This is part of an ongoing series about property revaluation in Jersey City.
In my last post, I explained how Jersey City’s low equalization ratio was a cause for revaluation. The reason: when a city’s equalization ratio is low, its market values have grown out of sync with its assessed values, and that opens the door to potential tax inequity. In this post, I’ll dive a little deeper, and show how the door swings fully open. Tax inequity harms all taxpayers, albeit at different times and to different degrees depending on where they live.
Let’s get civic and start out with a simple example to illustrate what we mean by “tax inequity.”
An Example: Tortoise Town vs. Hare Hamlet
Let’s make up two municipalities: Tortoise Town and Hare Hamlet. Here are the relevant facts*:
- Each town has a tax base consisting of three houses: Houses A through C in Tortoise Town and Houses D through F in Hare Hamlet.
- In Year 1 each town performs a revaluation and it’s determined that each tax base has a market worth of $300,000.
- By Year 3 the market worth of each town’s tax base has grown to $900,000.
- Neither town has conducted a revaluation since Year 1.
The towns appear similar…except let’s look at *how* the towns grew:
- Tortoise Town followed a “slow and steady” approach to growth. As a result, Houses A, B, and C appreciated in market value at the same rate: each increased from $100,000 in Year 1 to $300,000 in Year 3. In other words, Houses A, B, and C benefitted equally in Years 2 and 3.
- But…Hare Hamlet grew differently. It raced towards the future by concentrating investment in House F. By Year 3, Hare Hamlet’s tax base was worth $900,000 (just like Tortoise Town), but its wealth was segmented differently: House D saw zero market appreciation, House E saw minimal appreciation, and House F realized the lion’s share of the town’s growth.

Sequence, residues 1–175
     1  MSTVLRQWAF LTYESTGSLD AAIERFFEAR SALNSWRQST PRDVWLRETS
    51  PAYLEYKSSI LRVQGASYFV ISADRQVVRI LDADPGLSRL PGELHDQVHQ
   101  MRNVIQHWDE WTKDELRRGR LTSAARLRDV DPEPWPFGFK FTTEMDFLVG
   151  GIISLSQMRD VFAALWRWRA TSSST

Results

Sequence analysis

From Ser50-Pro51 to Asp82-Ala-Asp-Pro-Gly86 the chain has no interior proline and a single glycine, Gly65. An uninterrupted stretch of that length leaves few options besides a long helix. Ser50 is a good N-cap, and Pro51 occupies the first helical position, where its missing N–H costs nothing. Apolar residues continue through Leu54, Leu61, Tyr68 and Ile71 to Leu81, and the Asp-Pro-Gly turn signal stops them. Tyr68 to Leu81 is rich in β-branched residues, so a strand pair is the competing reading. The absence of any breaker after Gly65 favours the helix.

Total town-wide growth is exactly the same in the charts above: $300,000 in blue value grew to $900,000 in red value…but there is a clear difference when we get to per-house market growth.
In Tortoise Town:
- Houses A through C had an equal ratio of 33% (each has $100K assessed value to $300K market value = 33%).
- What’s more, this per-house ratio is equal to the entire town’s equalization ratio ($300K total assessed value to $900,000 market value = 33%). Tortoise Town is uniform in its tax assessments, meaning the assessment-to-market ratios are similar from house to house within the town.
But when we move to Hare Hamlet, we see non-uniformity. By Year 3:
- House D’s market value hasn’t grown since Year 1. This is bad for House D…the town itself appreciated in market value, but House D realized none of that benefit.
- House E’s market value has doubled from $100K to $200K…this result doesn’t match any of the per-house appreciation in slow-and-steady Tortoise Town, but it’s still better than House D.
- But look at House F….it has accounted for more than 2/3 of the market appreciation in all of Hare Hamlet in Year 3, by appreciating from $100K to $600K. In fact, House F had the best market appreciation out of all six houses in both towns. Yet…its assessed value remains locked in at a Year 1 value.
So…Hare Hamlet’s assessment and market values are non-uniform. Let’s understand why that’s such a big problem.
Don’t Miss the Forest for the Trees: Property Taxes are About Funding the Budget
The tax levy is the biggest chunk of cash that funds the city budget. For our simplified example, let’s assume:
- the tax levy = city budget for both Tortoise Town and Hare Hamlet.
- a budget of $10,000 for each town in each year.
The key question becomes: how much does each property owner contribute in Year 1 versus Year 3? And the point here is: what is the fairest apportionment of the tax burden over time, given fluctuating market values?
First, Tortoise Town. In Years 1 and 3, we have each property owner owning one-third of the tax base. So the apportionment of Year 1 assessments and Year 3 market values are the same: 1/3, 1/3, and 1/3.